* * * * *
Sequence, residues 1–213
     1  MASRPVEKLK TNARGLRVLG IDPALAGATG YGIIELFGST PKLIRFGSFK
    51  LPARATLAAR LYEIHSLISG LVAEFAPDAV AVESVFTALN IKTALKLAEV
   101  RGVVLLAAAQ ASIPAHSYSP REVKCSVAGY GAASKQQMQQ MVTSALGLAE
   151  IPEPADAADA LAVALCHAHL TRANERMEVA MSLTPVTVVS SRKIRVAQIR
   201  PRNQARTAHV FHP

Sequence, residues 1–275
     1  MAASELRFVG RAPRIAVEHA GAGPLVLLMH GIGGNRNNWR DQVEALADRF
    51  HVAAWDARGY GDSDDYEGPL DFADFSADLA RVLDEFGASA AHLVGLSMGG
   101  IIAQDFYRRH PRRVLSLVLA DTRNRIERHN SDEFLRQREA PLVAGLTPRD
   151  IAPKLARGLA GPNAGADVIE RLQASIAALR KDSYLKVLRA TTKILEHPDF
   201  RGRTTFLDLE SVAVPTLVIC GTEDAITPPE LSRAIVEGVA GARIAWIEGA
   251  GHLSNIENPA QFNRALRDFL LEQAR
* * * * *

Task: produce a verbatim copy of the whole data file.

Sequence, residues 1–213
     1  MASRPVEKLK TNARGLRVLG IDPALAGATG YGIIELFGST PKLIRFGSFK
    51  LPARATLAAR LYEIHSLISG LVAEFAPDAV AVESVFTALN IKTALKLAEV
   101  RGVVLLAAAQ ASIPAHSYSP REVKCSVAGY GAASKQQMQQ MVTSALGLAE
   151  IPEPADAADA LAVALCHAHL TRANERMEVA MSLTPVTVVS SRKIRVAQIR
   201  PRNQARTAHV FHP

Sequence, residues 1–275
     1  MAASELRFVG RAPRIAVEHA GAGPLVLLMH GIGGNRNNWR DQVEALADRF
    51  HVAAWDARGY GDSDDYEGPL DFADFSADLA RVLDEFGASA AHLVGLSMGG
   101  IIAQDFYRRH PRRVLSLVLA DTRNRIERHN SDEFLRQREA PLVAGLTPRD
   151  IAPKLARGLA GPNAGADVIE RLQASIAALR KDSYLKVLRA TTKILEHPDF
   201  RGRTTFLDLE SVAVPTLVIC GTEDAITPPE LSRAIVEGVA GARIAWIEGA
   251  GHLSNIENPA QFNRALRDFL LEQAR